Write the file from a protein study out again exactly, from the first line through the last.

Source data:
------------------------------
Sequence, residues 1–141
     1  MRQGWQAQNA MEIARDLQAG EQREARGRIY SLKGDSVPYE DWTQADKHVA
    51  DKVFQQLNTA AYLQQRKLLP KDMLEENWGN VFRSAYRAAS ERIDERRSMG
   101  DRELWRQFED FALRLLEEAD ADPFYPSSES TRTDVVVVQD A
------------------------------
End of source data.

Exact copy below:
Sequence, residues 1–141
     1  MRQGWQAQNA MEIARDLQAG EQREARGRIY SLKGDSVPYE DWTQADKHVA
    51  DKVFQQLNTA AYLQQRKLLP KDMLEENWGN VFRSAYRAAS ERIDERRSMG
   101  DRELWRQFED FALRLLEEAD ADPFYPSSES TRTDVVVVQD A